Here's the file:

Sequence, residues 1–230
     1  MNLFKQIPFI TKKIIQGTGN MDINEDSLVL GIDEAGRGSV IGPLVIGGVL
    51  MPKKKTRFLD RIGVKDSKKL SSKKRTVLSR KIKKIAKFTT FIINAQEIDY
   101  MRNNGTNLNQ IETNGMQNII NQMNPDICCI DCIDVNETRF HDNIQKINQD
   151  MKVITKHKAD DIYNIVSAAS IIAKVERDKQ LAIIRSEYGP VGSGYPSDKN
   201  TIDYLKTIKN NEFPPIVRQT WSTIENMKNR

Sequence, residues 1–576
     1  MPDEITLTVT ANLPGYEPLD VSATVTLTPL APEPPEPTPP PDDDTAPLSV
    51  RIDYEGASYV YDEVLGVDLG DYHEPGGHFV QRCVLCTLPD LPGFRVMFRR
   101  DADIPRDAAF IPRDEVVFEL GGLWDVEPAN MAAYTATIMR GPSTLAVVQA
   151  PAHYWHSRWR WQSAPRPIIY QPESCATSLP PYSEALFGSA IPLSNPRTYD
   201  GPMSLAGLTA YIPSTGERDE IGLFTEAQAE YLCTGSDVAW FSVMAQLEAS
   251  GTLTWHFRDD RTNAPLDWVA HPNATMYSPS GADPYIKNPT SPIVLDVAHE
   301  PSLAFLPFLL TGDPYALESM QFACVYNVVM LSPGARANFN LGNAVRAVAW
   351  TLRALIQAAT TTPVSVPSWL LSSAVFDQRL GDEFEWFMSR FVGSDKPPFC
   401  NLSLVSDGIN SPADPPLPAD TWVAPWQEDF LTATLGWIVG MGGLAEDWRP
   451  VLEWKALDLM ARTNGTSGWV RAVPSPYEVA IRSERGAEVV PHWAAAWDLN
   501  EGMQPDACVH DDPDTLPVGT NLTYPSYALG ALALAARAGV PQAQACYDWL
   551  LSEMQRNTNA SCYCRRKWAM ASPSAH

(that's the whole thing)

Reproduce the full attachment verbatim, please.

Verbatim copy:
Sequence, residues 1–230
     1  MNLFKQIPFI TKKIIQGTGN MDINEDSLVL GIDEAGRGSV IGPLVIGGVL
    51  MPKKKTRFLD RIGVKDSKKL SSKKRTVLSR KIKKIAKFTT FIINAQEIDY
   101  MRNNGTNLNQ IETNGMQNII NQMNPDICCI DCIDVNETRF HDNIQKINQD
   151  MKVITKHKAD DIYNIVSAAS IIAKVERDKQ LAIIRSEYGP VGSGYPSDKN
   201  TIDYLKTIKN NEFPPIVRQT WSTIENMKNR

Sequence, residues 1–576
     1  MPDEITLTVT ANLPGYEPLD VSATVTLTPL APEPPEPTPP PDDDTAPLSV
    51  RIDYEGASYV YDEVLGVDLG DYHEPGGHFV QRCVLCTLPD LPGFRVMFRR
   101  DADIPRDAAF IPRDEVVFEL GGLWDVEPAN MAAYTATIMR GPSTLAVVQA
   151  PAHYWHSRWR WQSAPRPIIY QPESCATSLP PYSEALFGSA IPLSNPRTYD
   201  GPMSLAGLTA YIPSTGERDE IGLFTEAQAE YLCTGSDVAW FSVMAQLEAS
   251  GTLTWHFRDD RTNAPLDWVA HPNATMYSPS GADPYIKNPT SPIVLDVAHE
   301  PSLAFLPFLL TGDPYALESM QFACVYNVVM LSPGARANFN LGNAVRAVAW
   351  TLRALIQAAT TTPVSVPSWL LSSAVFDQRL GDEFEWFMSR FVGSDKPPFC
   401  NLSLVSDGIN SPADPPLPAD TWVAPWQEDF LTATLGWIVG MGGLAEDWRP
   451  VLEWKALDLM ARTNGTSGWV RAVPSPYEVA IRSERGAEVV PHWAAAWDLN
   501  EGMQPDACVH DDPDTLPVGT NLTYPSYALG ALALAARAGV PQAQACYDWL
   551  LSEMQRNTNA SCYCRRKWAM ASPSAH